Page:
I am learning more and more ways that our population can CONTRIBUTE to society, and this is very tangible asset they they can bring to employers. From the New York State Department of Labor.

If you have specific knowledge on these programs, please reach out. Many thanks to Martha Jackson of NYC.gov Mayor’s Office for People with Disabilities who identified this information last week at a meeting.

Mike Sweeney


Lower Your Labor Costs

Employers that do business in New York State can trim their labor costs through several workforce and economic development programs. Employment-based tax credits may save your business money by cutting federal or state tax liability.

Work Opportunity Tax Credit

The Work Opportunity Tax Credit (WOTC) offers employers up to $2,400 in federal tax savings for hiring individuals with barriers to employment. Qualified individuals must complete at least 120 hours of work to qualify for the partial WOTC credit of $1,500, and over 400 hours for the full $2,400 credit. To qualify businesses for the credit, individuals must be verified as members of a targeted group. The groups include:

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  • People who receive Temporary Assistance for Needy Families (TANF)

  • Veterans who:

    • –  receive Supplemental Nutrition Assistance Program (SNAP) benefits or

    • –  have a service-related disability

    • –  have been unemployed for
      at least 4 weeks in the previous calendar year

  • Ex-felons

  • People (age 18-39) who live in a federal empowerment zone or rural county

  • Disabled persons receiving rehabilitation services

  • Youth (age 16-17) who live in a federal empowerment zone (summer employment only)

  • People (age 18-39) who receive Supplemental Nutrition Assistance Program (SNAP) benefits

  • People who receive Supplemental Security Income (SSI)

  • People who receive Long-Term Family Assistance

  • Long Term Unemployment Recipients (LTUR)

Workers Employment Tax Credit (WETC)

Businesses that employ people with disabilities who currently receive vocational rehabilitation services (or people who received them up to two years prior to hire) may earn $2,100 more in state tax credits. You get the credit during the second year of employment and can combine it with the WOTC credit.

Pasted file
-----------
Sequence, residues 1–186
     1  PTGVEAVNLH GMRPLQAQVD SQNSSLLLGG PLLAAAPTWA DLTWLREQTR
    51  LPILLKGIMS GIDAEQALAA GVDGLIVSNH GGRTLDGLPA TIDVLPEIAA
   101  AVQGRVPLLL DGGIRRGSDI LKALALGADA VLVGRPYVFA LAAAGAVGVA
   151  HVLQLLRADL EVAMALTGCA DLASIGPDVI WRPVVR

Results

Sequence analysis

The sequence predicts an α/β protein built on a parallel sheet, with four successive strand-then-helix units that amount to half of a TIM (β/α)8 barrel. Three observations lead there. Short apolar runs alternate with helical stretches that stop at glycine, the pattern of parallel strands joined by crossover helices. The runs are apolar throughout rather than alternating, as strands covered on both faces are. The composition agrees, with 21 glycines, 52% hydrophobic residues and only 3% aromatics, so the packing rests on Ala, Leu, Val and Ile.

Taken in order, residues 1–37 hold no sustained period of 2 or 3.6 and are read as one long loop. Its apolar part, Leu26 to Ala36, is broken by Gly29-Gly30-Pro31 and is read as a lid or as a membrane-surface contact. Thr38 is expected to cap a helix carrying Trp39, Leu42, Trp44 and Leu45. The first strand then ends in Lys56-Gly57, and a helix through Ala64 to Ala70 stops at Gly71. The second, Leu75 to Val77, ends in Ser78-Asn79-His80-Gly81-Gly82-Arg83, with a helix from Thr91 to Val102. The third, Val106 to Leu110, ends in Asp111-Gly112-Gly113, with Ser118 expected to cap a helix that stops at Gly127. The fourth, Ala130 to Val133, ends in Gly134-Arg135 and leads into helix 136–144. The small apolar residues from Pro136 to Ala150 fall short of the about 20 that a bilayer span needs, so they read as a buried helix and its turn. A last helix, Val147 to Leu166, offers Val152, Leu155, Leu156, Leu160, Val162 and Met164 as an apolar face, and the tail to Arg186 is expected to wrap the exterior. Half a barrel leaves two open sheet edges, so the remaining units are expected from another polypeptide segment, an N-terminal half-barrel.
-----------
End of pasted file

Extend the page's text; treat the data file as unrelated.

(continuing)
Workers with Disabilities Tax Credit (WDTC)

For-profit businesses and organizations that hire individuals with developmental disabilities may earn up to $5,000 for full-time employment (30 hours or more per week), and up to $2,500 for part-time employment (between 8 hours and 30 hours per week). The period of employment must be no less than six months. If the amount of the credit exceeds the entity’s tax liability, then the tax credit may be carried over for the following three years. Note: Businesses cannot claim this tax credit for an individual they hire if they are already claiming another tax credit for that individual.

New York Youth Jobs Program

The New York Youth Jobs Program helps young people entering the world of work have a successful start. The program encourages the hire of unemployed, disadvantaged youth. Businesses may earn tax credits of up to $7,500 per youth for full-time employment, and up to $3,750 per youth for part-time employment. To qualify, both businesses and youth must be certified by the New York State Department of Labor. Businesses may be eligible for certification if they are in good legal standing, and have a physical location in New York State. Youth may be eligible who are unemployed, between ages 16 to 24, live New York State and meet one of the designated risk factors.

Hire-a-Vet Credit

The Hire-a-Vet Credit encourages the hire of qualified veterans. Businesses must employ a qualified veteran for no less than 35 hours per week for one full year. A qualified veteran is someone who served on active duty in the US Army, Navy, Air Force, Marine Corps, Coast Guard, Reserves, National Guard, New York Guard or New York Naval Militia, and was released from active duty by general or honorable discharge after September 11, 2001. Qualified veterans must attest that they were not employed for 35 or more hours in the previous 180 days. Businesses may earn up to $5,000 for hiring a qualified veteran and up to $15,000 for hiring one who is disabled.

Minimum Wage Reimbursement Credit

The Minimum Wage Reimbursement Credit helps businesses adjust to the rise in the minimum wage rate of pay. Businesses may earn a credit of $1.35 per hour for all hours worked by an eligible employee. An eligible employee is a student who is 16 to 19 years of age at the time of employment at the minimum wage rate.

Work For Success

The Work for Success Program helps businesses earn up to $2,400 in federal tax credits (WOTC) for each formerly incarcerated person they hire. This helps to reduce recidivism, promote economic development and improve public safety throughout New York State. Work for Success sends businesses only the most qualified and appropriately trained applicants for open jobs.

How to Apply for Credits

Call the New York State Labor Department at 1-888-4-NYSDOL or go to www.labor.ny.gov.

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